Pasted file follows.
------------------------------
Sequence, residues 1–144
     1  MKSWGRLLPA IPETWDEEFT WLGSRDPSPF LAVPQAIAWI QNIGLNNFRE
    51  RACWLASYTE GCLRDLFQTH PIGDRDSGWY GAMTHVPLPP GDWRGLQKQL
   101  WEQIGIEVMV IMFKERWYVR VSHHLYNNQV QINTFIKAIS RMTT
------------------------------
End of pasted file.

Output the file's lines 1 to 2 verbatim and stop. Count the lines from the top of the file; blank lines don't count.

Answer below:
Sequence, residues 1–144
     1  MKSWGRLLPA IPETWDEEFT WLGSRDPSPF LAVPQAIAWI QNIGLNNFRE